Here are the Cumberland Falls Moonbow dates for 2019.

January

197:00-8:00pm
207:30-7:30pm
218:00-10:00pm
228:30-10:30pm
239:00-11:00pm

February

177:00-8:00pm
187:30-7:30pm
198:00-10:00pm
208:30-10:30pm
219:00-11:00pm

March

188:30-10:30pm
199:00-11:00pm
209:30-11:30pm
2110:30pm-12:30am
2212:00-2:00am

April

179:00-11:00pm
189:30-11:30pm
1910:00pm-12:00am
2010:30pm-12:30am
2111:00pm-1:00am

May

169:30-11:30pm
1710:00pm-12:00am
1810:30pm-12:30am
1911:00pm-1:00am
2011:30pm-1:30am

June

159:30-11:30pm
1610:00pm-12:00am
1710:30pm-12:30am
1811:00pm-1:00am
1911:30pm-1:30am

July

149:30-11:30pm
1510:00pm-12:00am
1610:30pm-12:30am
1711:00pm-1:00am
1811:30pm-1:30am

August

139:30-11:30pm
1410:00pm-12:00am
1510:30pm-12:30am
1611:00pm-1:00am
1711:30pm-1:30am

September

129:30-11:30pm
1310:00pm-12:00am
1410:30pm-12:30am
1511:00pm-1:00pm
1611:30pm-1:30pm

October

118:30-10:30pm
129:00-11:00pm
139:30-11:30pm
1410:00pm-12:00am
1510:30pm-12:30am

November

107:00-9:00pm
117:30-9:30pm
128:00-10:00pm
138:30-10:30pm
149:00-11:00pm

December

106:30-8:30pm
117:00-9:00pm
127:30-9:30pm
138:00-10:00pm
148:30-10:30pm

Parking for the Moonbow

The visitor center parking lot at Cumberland Falls State Resort Park is pretty big, but you have to keep in mind sometimes there are thousands of people who try to witness the moonbow. Parking will go quickly.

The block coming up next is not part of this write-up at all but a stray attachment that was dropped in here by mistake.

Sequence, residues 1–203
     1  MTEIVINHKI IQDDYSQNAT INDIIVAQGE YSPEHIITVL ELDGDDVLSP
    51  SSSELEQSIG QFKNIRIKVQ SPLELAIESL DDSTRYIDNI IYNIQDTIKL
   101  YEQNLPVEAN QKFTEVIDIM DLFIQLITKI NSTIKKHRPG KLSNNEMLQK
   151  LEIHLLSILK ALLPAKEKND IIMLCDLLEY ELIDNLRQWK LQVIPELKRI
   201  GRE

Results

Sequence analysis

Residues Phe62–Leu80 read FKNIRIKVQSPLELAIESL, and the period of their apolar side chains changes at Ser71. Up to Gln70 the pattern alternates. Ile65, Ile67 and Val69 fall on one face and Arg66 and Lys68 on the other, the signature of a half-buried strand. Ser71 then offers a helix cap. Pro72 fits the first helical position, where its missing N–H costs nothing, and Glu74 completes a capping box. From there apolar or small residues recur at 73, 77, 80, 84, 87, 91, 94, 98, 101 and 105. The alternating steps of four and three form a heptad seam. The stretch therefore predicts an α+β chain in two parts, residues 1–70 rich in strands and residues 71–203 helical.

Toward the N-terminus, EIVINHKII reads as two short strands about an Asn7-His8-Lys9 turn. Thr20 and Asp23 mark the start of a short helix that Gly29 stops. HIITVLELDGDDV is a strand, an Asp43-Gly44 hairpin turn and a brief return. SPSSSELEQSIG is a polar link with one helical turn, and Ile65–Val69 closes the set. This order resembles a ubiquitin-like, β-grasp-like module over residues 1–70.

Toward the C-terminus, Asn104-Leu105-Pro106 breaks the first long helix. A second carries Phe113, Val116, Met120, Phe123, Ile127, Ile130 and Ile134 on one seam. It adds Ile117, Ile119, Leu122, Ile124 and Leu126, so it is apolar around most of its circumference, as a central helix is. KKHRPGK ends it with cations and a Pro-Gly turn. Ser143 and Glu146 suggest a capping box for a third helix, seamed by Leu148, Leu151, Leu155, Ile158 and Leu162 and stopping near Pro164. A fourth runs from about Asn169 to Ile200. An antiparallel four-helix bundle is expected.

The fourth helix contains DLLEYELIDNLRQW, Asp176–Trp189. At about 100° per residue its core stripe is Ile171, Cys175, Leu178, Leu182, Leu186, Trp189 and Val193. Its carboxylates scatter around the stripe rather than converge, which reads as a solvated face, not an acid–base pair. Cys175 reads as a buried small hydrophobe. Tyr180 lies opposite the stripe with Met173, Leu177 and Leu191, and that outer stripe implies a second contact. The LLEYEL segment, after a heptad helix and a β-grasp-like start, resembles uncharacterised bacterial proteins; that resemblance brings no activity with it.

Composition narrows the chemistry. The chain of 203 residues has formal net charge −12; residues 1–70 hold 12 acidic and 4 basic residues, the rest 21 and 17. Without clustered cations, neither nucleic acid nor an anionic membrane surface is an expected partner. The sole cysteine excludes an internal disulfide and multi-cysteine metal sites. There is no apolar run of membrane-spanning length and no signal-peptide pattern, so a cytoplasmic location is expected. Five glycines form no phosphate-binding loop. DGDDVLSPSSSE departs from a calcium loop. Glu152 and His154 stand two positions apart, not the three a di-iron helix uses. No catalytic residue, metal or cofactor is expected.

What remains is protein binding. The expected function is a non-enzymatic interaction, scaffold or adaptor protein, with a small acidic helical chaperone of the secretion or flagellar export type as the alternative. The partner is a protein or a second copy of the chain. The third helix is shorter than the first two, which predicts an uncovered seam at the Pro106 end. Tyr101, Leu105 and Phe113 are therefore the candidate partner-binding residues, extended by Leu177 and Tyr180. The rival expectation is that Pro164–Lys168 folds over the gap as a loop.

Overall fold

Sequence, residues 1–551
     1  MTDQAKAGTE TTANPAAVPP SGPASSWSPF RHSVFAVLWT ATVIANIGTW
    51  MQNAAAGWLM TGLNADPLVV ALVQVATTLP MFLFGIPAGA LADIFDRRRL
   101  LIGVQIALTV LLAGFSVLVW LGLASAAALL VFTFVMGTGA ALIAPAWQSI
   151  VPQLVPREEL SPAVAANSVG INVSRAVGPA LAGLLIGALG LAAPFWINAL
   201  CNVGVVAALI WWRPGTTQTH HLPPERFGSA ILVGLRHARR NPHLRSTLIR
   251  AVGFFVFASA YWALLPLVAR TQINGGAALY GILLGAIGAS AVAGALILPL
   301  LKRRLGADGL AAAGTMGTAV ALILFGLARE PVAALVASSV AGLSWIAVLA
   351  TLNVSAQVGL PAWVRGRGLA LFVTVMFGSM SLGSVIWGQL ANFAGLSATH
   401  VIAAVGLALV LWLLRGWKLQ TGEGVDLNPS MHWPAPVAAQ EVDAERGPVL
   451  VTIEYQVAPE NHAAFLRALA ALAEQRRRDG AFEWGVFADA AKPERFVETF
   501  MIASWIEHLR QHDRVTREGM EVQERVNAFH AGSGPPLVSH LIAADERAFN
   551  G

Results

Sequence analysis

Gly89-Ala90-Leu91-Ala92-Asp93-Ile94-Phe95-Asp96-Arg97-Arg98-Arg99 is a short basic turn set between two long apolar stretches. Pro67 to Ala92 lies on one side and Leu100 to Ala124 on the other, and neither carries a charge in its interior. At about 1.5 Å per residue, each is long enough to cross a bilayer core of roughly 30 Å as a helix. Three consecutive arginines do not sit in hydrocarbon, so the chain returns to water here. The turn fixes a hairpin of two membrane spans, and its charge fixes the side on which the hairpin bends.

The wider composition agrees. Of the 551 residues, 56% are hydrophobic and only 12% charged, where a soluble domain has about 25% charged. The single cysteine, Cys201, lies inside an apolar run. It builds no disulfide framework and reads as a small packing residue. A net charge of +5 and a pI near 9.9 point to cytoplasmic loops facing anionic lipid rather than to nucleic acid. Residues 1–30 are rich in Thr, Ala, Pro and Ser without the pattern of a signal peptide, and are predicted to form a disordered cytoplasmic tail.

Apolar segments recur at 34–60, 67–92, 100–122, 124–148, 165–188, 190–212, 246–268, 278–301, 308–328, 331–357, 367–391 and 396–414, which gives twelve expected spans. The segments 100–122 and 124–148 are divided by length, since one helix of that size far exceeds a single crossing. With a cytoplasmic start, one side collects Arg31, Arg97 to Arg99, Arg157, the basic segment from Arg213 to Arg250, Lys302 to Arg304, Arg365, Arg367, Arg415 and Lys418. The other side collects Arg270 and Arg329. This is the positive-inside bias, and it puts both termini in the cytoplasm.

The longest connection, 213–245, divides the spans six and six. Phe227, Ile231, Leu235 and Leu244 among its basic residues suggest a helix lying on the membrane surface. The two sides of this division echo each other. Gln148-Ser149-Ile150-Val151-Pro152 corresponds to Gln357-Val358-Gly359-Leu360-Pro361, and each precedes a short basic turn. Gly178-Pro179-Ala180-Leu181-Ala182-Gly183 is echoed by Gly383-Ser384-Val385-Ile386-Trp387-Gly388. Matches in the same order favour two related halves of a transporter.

My suggestion is to arrive as early as possible for the moonbow to guarantee a parking spot, but if all else fails give the state park a call. They usually have some plans set up for massive crowds.

Admission for the Moonbow

Maybe the second best part about the Cumberland Falls Moonbow is that it’s free! In fact access to this state resort park is always free.

The Upper Overlook can get crowded during the moonbow. Be careful. Be kind.

Tips for a Fantastic Experience

Here are a few tips to help you make the most out of your trip to witness the Cumberland Falls Moonbow.

  • Arrive early. You won’t be able to see the best effect of the moonbow until about an hour after sunset, but I would still recommend arriving early to snag a parking spot.
  • You won’t be able to see the moonbow until about an hour after sunset, so time your visit according to the Moonbow schedule above.
  • Because of time change (yuck) and the Earth’s tilt the moonbow is much earlier during the winter months, and sometimes well after midnight during the summer months.